Patrick T. Maher, Hans Gelter, Kevin Hillmer-Pegram, Gestur Hovgaard, John Hull, Gunnar Þór Jóhannesson, Anna Karlsdóttir, Outi Rantala, & Albina Pashkevich
This paper addresses human capital in the Arctic in relation to tourism. More specifically, with an ever-increasing number of tourists recognizing the attractiveness of the Arctic, tour companies are increasingly recognizing the opportunities. The media (typically southern media) sells the image, either before or after the tourists arrive, and communities are often left to deal with the repercussions – whether those are social, economic, environmental, or the like. Many of the repercussions are negative; however, even when perceived as positive they can create tensions within small communities and showcase a variety of capacity issues.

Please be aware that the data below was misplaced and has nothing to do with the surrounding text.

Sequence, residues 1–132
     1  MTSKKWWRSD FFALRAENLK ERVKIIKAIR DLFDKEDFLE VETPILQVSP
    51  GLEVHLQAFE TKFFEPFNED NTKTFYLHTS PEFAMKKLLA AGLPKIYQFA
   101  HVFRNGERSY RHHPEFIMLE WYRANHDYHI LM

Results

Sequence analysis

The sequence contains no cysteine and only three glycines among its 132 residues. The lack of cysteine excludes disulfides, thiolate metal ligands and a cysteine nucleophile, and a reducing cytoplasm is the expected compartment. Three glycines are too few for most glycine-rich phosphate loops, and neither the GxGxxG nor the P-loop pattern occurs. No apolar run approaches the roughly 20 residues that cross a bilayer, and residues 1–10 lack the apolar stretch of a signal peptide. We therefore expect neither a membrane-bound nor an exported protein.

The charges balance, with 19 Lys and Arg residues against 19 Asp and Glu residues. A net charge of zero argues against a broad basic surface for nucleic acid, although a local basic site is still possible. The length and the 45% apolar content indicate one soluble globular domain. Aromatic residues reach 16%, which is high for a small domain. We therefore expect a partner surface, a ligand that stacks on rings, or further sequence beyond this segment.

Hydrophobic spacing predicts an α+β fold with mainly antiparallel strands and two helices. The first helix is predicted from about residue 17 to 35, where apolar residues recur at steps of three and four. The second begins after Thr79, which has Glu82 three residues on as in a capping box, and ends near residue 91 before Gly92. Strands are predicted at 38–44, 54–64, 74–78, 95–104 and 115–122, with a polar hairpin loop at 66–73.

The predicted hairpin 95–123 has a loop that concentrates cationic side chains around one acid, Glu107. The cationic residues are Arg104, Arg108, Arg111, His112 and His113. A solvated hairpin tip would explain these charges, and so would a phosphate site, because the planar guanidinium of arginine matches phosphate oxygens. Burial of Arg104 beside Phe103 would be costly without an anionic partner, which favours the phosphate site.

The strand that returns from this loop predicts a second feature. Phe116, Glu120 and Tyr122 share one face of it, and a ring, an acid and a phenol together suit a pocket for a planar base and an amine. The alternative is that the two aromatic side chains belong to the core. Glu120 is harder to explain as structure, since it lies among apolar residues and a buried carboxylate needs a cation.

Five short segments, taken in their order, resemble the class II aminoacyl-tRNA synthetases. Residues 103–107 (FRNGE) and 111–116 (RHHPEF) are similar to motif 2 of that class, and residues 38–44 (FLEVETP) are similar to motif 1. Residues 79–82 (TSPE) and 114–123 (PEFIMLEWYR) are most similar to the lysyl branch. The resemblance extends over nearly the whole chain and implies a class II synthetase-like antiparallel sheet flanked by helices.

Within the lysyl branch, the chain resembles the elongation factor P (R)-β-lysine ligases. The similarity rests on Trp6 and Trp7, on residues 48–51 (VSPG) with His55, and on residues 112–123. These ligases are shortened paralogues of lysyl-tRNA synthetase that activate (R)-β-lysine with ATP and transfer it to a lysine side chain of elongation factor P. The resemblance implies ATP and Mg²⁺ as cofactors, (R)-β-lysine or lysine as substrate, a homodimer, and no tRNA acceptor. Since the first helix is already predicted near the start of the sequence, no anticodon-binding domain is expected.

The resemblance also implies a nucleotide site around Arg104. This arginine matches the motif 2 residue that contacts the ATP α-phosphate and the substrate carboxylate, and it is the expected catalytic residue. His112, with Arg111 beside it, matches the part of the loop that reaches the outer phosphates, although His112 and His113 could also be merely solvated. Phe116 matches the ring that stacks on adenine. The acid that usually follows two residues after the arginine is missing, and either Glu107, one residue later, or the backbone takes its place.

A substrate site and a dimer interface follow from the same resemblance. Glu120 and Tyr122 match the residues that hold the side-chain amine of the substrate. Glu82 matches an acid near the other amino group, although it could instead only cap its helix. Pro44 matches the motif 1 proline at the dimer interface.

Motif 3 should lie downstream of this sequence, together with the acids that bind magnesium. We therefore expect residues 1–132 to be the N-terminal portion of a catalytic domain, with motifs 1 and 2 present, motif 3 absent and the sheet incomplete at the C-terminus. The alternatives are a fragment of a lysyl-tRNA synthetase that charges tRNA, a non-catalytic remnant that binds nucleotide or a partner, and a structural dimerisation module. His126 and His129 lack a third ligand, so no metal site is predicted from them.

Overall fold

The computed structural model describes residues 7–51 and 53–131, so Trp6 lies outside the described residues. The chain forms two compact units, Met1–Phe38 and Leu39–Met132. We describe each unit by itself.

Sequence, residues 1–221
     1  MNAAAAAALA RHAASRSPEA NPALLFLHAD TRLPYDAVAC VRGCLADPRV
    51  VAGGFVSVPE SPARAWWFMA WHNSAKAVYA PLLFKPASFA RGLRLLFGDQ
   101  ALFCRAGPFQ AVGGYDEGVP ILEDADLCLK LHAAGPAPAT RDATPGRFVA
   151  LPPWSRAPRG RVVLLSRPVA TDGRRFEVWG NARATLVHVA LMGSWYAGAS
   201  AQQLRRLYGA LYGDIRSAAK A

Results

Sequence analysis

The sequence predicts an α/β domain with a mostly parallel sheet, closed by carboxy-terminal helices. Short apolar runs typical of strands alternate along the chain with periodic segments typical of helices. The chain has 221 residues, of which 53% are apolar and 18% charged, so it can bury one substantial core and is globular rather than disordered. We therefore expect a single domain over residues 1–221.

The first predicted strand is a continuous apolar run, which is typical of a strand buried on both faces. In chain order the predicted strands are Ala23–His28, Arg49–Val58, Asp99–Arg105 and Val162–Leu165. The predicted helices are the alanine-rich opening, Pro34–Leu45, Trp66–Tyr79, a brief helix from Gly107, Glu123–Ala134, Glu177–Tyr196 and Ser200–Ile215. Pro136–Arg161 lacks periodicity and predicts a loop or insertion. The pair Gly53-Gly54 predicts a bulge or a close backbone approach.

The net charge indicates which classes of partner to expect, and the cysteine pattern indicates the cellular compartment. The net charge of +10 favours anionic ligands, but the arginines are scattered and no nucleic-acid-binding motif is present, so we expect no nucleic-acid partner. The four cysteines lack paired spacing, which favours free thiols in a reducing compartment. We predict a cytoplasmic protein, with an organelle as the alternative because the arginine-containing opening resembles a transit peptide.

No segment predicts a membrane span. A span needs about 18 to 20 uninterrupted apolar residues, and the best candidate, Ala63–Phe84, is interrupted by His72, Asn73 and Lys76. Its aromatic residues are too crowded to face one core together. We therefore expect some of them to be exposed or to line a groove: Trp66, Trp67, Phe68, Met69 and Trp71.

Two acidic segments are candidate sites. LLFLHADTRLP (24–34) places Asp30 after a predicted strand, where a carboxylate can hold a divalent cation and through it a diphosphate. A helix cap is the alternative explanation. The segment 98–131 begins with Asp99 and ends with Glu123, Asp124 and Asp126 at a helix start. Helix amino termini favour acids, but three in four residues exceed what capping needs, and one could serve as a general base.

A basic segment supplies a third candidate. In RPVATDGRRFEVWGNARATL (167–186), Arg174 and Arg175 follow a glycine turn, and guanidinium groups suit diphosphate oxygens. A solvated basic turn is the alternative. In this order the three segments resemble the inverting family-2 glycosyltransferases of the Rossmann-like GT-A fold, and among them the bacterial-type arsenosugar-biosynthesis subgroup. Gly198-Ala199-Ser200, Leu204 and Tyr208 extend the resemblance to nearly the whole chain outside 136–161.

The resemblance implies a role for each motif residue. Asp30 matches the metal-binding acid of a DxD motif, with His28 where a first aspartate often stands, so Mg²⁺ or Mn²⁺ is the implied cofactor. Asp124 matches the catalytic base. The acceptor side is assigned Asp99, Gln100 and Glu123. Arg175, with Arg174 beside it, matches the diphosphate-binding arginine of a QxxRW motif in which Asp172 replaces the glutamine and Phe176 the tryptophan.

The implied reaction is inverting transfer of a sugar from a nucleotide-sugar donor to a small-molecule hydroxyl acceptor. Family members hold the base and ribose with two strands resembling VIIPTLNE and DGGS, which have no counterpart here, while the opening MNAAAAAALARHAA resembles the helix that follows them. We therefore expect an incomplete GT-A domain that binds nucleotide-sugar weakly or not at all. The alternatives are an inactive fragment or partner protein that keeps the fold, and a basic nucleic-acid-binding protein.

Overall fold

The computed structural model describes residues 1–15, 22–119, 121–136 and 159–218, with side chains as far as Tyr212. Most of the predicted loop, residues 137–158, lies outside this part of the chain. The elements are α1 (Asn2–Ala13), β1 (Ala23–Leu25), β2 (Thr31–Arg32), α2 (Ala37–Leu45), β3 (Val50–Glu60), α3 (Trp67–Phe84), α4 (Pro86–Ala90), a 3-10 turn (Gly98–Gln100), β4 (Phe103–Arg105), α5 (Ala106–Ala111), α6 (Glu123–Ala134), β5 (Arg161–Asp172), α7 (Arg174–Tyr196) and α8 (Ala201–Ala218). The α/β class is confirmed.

This paper focuses on the realities and possibilities of tourism in the Arctic. It offers an up-to-date descriptive overview of tourism numbers and valuations. In addition, ‘realities’ also focuses on the current suite of challenges and ‘possibilities’ addresses critical questions that need to be asked as tourism grows. We are in an uncertain age and academic critique of the Arctic tourism phenomenon is growing as quickly as the numbers. This paper is almost fully circumpolar in outlook, written by individuals from those jurisdictions, and aims to intersect with other sectors active in the Arctic.